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Liability In Airplane Accidents/Crashes

personal injury airplane accidentMany studies have demonstrated that passengers in airplanes are often more safe than they would be in their own kitchens. Still, while serious in-flight injuries from airplane mishaps are rare, they do occur. Injured passengers may pursue legal claims against the airline, its employees, aircraft and component manufacturers, or even the Federal Aviation Administration (FAA). Here is a look at a few common in-flight accidents and some general information about what legal claims are available if you have been injured while on an airplane.

 

Many in-flight injuries are caused by loose items, such as luggage falling out of overhead bins or food carts rolling down the aisles. Some passengers suffer injuries from falling or bumping into objects as they move through the cabin. Turbulence also causes a number of in-flight accidents, especially when passengers are standing or walking as the pilot has allowed. .

 

Airplane injury claims are grouped according to what or who caused the accident.

  • Claims Based on Negligence. If the accident was caused by the carelessness or inattention of an airline employee—such as a pilot, flight attendant, maintenance worker, or ground crew member—then standard negligence requirements usually apply. Generally, for negligence claims, the plaintiff must show that reasonable care was required of but not performed by the defendant.
  • Common Carrier Standard. Entities that transport the public for a fee, such as airlines, fall under a legal category called “common carriers.” The law imposes specific and heightened duties of care on common carriers. In Florida, the reasonable care required of a common carrier for the safety of passengers is the “highest degree of care” consistent with the type of transportation and the practical operation of the business. All of the airline employees owe a heightened duty of care to protect passengers from potential harm as they board the plane, travel on the aircraft, and disembark from the plane.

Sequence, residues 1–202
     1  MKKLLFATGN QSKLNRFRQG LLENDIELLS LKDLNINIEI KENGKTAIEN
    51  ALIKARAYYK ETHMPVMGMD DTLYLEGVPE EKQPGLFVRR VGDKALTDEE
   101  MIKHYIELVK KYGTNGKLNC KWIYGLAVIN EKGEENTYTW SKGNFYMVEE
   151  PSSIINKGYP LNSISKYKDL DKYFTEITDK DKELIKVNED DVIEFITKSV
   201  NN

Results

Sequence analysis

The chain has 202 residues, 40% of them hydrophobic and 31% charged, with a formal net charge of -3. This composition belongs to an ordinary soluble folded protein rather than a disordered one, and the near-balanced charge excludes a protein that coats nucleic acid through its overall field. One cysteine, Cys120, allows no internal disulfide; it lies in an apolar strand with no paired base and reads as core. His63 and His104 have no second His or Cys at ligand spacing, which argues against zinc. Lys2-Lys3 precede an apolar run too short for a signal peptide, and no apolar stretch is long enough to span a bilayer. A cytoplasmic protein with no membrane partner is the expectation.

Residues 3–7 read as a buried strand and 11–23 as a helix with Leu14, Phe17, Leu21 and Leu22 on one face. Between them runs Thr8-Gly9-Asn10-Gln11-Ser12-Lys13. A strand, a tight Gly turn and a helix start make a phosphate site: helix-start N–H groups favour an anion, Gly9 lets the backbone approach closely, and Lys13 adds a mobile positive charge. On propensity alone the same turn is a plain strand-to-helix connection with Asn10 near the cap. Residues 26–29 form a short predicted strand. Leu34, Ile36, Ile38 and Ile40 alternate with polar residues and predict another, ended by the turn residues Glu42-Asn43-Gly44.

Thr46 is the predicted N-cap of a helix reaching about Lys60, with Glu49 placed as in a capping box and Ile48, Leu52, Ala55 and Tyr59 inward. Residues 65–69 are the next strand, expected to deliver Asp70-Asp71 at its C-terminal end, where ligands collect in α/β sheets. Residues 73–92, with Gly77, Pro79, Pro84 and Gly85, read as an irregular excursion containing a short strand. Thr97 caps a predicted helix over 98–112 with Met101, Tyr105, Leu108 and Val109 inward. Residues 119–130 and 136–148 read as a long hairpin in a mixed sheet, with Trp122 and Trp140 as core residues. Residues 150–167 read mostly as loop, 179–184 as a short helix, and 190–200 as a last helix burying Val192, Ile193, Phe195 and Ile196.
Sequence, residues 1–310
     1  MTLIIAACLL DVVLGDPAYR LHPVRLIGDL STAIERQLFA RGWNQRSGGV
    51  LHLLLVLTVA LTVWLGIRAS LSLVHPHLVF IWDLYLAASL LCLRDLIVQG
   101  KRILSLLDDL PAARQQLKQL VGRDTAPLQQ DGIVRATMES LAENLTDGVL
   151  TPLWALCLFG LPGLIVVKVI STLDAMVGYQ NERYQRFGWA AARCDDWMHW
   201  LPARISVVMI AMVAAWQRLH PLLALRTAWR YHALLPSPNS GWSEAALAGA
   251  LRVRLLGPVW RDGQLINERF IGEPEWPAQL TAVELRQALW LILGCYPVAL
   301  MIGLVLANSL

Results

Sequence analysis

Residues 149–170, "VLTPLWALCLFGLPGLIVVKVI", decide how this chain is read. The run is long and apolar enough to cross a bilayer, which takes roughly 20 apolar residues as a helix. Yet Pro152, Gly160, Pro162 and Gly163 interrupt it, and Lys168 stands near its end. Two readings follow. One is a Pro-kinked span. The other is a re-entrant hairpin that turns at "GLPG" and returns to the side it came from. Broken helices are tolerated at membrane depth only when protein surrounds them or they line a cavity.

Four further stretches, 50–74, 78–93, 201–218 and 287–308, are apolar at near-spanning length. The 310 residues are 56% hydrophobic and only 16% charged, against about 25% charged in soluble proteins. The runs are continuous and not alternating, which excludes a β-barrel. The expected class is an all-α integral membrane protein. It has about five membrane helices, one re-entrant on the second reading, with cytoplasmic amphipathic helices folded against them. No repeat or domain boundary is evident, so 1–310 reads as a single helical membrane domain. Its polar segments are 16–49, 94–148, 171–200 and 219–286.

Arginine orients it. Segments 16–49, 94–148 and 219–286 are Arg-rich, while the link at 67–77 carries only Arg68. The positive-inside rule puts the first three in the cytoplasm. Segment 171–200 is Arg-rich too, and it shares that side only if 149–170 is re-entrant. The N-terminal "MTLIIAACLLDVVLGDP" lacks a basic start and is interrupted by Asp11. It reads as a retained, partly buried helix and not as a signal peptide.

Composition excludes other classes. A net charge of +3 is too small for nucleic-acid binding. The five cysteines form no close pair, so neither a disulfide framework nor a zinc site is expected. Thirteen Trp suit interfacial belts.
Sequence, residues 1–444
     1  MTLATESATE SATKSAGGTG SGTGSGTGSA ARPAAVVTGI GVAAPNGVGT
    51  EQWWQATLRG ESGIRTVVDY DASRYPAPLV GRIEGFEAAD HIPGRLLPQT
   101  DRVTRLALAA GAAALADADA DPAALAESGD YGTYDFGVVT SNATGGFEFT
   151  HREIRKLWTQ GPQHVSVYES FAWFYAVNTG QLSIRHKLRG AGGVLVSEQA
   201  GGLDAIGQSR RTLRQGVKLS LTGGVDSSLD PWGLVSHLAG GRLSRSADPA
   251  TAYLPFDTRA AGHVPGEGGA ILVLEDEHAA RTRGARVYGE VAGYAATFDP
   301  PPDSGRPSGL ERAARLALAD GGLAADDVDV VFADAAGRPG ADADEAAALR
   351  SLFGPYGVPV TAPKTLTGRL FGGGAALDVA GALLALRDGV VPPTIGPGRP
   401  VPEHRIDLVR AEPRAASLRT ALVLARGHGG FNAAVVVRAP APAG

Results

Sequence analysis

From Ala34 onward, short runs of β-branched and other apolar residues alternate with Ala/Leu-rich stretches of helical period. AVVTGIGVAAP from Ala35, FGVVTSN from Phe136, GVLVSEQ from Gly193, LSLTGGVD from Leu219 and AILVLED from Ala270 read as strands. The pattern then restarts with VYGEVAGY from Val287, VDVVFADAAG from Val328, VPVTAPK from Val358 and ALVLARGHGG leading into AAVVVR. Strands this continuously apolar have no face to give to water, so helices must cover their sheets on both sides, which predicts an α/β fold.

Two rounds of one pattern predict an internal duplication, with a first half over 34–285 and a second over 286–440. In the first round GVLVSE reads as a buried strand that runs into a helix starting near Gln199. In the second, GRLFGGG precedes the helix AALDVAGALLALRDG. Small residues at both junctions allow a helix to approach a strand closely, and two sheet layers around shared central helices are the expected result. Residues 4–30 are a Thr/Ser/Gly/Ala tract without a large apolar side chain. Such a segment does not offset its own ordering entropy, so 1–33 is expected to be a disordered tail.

• Product Liability Claims. In some cases, the aircraft or a part of the aircraft is responsible for an injury. Even if the airline employees were acting with necessary care, injuries from a defective aircraft or equipment can befall a passenger. For example, if a design defect causes an overhead bin to become unlatched during flight and the passenger below is injured by falling luggage, they may have a claim against the overhead bin manufacturer. However, if an airline employee knew of the problem and failed to take steps to have the faulty part repaired or replaced, the airline may also be responsible.

 

If you or a loved one has been injured on an airplane, then you should seek an experienced attorney to help you determine if you have a claim against the airline or its affiliates. The Tampa personal injury attorneys of Wagner McLaughlin fight aggressively to protect the rights of the injured every day. Click here or call us today at (813) 225-4000 to schedule a consultation with a knowledgeable Florida injury lawyer from WM.